Also, the two countries need to change the way of negotiation. An important reason there was no agreement is that the negotiation had no clear goals. What did the second summit aim to achieve? Reconfirm the basic spirit of the joint statement of the first summit, or set a phased goal as the basic spirit is clear? The lack of clear goals made the negotiation hard to go forward. Actually, the U.S. and the DPRK have no mature negotiation framework by far.
The failure of the six-party talks involving the DPRK, the U.S., the ROK, China, Japan and Russia, is also partly attributable to the lack of a clear negotiation goals. However, the six-party talks have left some valuable lessons. One of them is that the negotiations should be divided into different sections and conducted step by step. For example, the talks can be divided into a political module focusing on the goals, an economic module to discuss compensations and aid measures, a military module on disarmament on the peninsula and a technical module to realize denuclearization step by step. All these parts, when wrapped up, will coalesce into the big negotiation.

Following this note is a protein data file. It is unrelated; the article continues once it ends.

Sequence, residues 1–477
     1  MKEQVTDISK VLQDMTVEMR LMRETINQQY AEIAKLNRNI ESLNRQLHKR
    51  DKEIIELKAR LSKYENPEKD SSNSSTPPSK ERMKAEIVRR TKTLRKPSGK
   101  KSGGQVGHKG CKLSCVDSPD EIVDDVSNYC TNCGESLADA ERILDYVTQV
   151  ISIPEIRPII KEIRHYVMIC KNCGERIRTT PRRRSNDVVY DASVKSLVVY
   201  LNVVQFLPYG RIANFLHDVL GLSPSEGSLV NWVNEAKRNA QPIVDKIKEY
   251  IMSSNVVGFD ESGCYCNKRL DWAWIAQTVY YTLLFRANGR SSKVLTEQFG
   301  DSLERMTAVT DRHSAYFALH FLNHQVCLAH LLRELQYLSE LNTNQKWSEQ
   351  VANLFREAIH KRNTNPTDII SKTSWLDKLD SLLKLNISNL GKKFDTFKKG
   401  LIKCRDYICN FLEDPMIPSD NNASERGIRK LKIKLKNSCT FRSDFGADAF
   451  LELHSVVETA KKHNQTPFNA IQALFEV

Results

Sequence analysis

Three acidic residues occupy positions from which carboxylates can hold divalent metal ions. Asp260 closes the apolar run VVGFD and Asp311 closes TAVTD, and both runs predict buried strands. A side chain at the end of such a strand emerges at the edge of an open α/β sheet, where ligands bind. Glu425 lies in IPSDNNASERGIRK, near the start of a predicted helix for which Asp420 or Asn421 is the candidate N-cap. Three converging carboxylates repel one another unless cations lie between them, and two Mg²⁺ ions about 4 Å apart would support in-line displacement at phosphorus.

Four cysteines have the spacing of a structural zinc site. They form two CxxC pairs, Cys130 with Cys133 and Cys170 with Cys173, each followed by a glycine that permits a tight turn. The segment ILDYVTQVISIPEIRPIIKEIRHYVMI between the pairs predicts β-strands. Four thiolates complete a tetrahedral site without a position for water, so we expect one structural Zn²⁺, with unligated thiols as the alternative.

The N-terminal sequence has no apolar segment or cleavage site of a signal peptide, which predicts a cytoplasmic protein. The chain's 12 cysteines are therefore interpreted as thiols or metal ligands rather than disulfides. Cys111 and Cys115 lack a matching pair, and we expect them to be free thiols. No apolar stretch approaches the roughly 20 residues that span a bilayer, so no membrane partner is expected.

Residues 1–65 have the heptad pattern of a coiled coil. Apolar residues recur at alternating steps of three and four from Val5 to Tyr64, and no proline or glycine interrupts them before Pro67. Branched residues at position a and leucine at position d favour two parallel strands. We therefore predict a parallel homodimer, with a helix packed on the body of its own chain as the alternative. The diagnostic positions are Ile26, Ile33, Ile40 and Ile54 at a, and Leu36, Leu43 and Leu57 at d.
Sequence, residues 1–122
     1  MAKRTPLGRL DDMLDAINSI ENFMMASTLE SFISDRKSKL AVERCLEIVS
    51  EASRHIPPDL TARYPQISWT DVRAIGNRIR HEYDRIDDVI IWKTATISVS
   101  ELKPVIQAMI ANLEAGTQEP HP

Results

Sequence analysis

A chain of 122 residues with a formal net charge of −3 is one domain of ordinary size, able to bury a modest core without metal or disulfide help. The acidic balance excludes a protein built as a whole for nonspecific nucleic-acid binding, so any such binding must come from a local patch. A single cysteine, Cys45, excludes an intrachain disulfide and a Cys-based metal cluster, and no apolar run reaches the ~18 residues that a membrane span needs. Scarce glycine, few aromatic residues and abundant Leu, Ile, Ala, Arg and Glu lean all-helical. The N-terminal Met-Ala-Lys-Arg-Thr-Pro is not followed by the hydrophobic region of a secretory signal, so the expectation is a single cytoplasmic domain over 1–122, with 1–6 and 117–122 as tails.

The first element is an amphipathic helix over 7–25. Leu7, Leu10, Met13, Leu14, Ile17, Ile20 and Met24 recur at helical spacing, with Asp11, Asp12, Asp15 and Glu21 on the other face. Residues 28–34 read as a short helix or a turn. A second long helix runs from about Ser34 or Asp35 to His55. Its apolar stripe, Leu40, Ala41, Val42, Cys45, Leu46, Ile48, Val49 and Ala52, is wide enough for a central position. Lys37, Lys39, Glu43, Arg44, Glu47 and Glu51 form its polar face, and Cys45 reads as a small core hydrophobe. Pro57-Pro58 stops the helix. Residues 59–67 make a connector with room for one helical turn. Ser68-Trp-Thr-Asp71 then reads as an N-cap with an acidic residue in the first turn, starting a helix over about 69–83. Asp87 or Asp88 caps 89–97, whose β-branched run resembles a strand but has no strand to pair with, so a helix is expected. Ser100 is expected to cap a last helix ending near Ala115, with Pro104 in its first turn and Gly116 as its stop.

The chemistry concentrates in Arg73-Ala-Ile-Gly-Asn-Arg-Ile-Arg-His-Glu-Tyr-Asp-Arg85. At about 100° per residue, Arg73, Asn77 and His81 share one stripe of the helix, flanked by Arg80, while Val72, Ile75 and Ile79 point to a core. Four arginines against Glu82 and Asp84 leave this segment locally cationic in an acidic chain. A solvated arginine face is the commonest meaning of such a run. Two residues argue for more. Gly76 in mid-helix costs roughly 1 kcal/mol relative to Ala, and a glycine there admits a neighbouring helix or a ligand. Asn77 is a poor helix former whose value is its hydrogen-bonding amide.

Compared with traditional negotiation patterns in which the weak always faces pressure from the strong, module negotiation can bring more fairness and justice. It can not only produce a package agreement in the end, but also establish trust between two sides during the negotiation.
China is an important stakeholder in the Korean Peninsula nuclear issue, whether it attends the negotiations or not. In the past three decades, China has played the role of a guide, a guardian of fairness and justice, and a mediator during deadlocks.
China advocates establishing a community with a shared future for humanity because there is only one direction for international relations in the future, and that is win-win cooperation.
The past cannot be changed but the future lies in the choices we make. The world is undergoing profound changes unseen in a millennium. From the perspective of the progress of human civilization, the Korean Peninsula nuclear issue is not hard to solve. The hard part is people's mental block.
The author is an op-ed contributor to Beijing Review and an expert on international studies
Copyedited by Sudeshna Sarkar